SUMMARY

Knives Out finds writer/director Rian Johnson at his most playful, delivering a murder mystery that’s often hilarious. It’s full of razor-sharp wit, clever twists, and some insight into modern America.

STORY

Harlan Thrombey (Christopher Plummer) is dead of an apparent suicide. As his family – comprised of Chris Evans, Jamie Lee Curtis, Don Johnson, Michael Shannon, and others – mourn his passing, one man suspects foul play. He’s Benoit Blanc (Daniel Craig), renowned gentleman sleuth, who’s hired anonymously to investigate the death. Meanwhile, Thrombey’s nurse (Ana de Armas) enters the fold, holding secrets of her own.

DIRECTION

Johnson has long made a name for himself taking genre pictures and twisting them ever-so-slightly. While he’ll perhaps always be most well-known for Star Wars: The Last Jedi, his previous movies – Looper, The Brothers Bloom, and Brick – all succeed at taking genres we think we know and subverting our expectations of them.

Knives Out is no different. The Agatha Christie-inspired whodunnit begins much as we expect it would. But the structure of the piece is interesting. The central mystery is apparently solved quite early, with the rest of the movie caring less about “who” killed Harlan Thromby and more about “how” this person will get away with it.

There’s no shortage of colorful suspects and willing accomplices. Johnson keeps the movie packed without feeling overstuffed, and surprisingly lengthy without every feeling slow. This is a slick, well-made crowd-pleaser in all the best ways. And thankfully, Johnson plays fair; those paying enough attention should be able to piece together some of the answers before the big reveal.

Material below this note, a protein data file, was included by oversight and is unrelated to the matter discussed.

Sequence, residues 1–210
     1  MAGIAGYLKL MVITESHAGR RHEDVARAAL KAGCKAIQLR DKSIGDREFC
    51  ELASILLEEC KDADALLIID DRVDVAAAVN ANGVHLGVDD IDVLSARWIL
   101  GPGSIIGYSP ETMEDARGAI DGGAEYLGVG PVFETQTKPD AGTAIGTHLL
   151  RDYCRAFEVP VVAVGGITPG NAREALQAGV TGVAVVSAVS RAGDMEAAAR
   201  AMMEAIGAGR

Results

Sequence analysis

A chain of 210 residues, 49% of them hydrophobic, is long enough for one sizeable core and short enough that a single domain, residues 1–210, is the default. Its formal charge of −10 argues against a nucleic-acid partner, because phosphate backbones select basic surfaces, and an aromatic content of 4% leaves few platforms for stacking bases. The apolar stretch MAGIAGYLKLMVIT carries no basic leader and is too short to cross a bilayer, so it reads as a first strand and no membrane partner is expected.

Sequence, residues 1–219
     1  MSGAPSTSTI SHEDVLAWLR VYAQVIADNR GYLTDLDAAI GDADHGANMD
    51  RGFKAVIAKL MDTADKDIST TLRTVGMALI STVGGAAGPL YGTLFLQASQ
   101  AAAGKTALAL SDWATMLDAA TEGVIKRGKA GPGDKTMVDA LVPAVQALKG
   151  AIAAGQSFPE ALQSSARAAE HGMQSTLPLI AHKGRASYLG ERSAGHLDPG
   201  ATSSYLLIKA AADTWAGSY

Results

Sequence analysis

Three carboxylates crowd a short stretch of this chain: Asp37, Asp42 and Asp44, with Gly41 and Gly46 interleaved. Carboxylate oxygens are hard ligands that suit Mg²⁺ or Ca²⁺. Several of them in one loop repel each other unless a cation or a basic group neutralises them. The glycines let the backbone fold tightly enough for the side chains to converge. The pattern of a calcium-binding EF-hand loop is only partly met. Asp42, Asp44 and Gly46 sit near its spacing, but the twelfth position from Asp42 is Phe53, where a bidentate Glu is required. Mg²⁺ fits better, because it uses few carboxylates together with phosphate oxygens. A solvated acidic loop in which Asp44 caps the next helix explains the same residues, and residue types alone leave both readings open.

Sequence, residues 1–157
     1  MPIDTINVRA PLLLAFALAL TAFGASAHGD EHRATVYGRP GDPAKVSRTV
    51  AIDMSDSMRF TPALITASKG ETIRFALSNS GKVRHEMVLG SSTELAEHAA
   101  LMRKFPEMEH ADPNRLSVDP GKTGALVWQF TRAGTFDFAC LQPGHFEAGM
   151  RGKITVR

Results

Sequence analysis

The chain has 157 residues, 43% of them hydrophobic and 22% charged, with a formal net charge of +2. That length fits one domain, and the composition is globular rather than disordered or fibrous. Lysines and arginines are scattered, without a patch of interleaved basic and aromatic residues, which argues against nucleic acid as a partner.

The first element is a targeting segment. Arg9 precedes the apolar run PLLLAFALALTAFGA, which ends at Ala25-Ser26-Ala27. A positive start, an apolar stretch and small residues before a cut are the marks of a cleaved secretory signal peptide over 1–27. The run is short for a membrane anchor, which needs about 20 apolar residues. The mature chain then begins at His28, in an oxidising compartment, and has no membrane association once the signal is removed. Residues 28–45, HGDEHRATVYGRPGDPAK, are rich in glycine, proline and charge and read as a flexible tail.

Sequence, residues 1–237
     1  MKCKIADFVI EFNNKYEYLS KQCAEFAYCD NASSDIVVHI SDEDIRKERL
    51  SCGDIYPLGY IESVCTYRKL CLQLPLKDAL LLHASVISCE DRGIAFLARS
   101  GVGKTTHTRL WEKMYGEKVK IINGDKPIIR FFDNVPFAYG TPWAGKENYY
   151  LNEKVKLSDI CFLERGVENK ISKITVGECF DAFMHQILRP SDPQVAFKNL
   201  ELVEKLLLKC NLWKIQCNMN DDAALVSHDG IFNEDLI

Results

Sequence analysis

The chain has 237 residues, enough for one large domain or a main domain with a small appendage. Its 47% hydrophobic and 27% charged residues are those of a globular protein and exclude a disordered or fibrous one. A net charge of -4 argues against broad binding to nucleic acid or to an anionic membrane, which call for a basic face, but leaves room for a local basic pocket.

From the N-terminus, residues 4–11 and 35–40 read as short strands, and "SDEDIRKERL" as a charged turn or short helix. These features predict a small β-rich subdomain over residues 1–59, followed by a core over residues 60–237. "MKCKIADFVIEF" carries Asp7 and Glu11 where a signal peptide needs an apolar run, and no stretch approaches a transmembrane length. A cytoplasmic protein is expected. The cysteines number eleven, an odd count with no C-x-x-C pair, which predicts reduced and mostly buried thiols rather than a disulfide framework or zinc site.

ACTING

Daniel Craig clearly had the time of his life making this movie, delivering his most playful performance since Skyfall and one of the best he’s ever turned in. Ana de Armas (Blade Runner 2049) makes the most of her largest role to-date, displaying equal amounts of tenacity and vulnerability as required. Chris Evans steps about as far away from Captain America as possible, and acquits himself admirably.

The rest of the cast has little more than a handful of scenes to leave an impression, but the bounty of recognizable faces helps in that regard. Of note are Toni Collette, Don Johnson, Michael Shannon, and of course, Christopher Plummer.

EVERYTHING ELSE

Lensing by Steve Yedlin is excellent, while Bob Ducsay’s editing is peerless. Knives Out will likely be in the awards conversation for Best Original Screenplay and Best Production Design, but Editing should also be in the mix. This is a fun, exciting thriller that just about all ages should enjoy.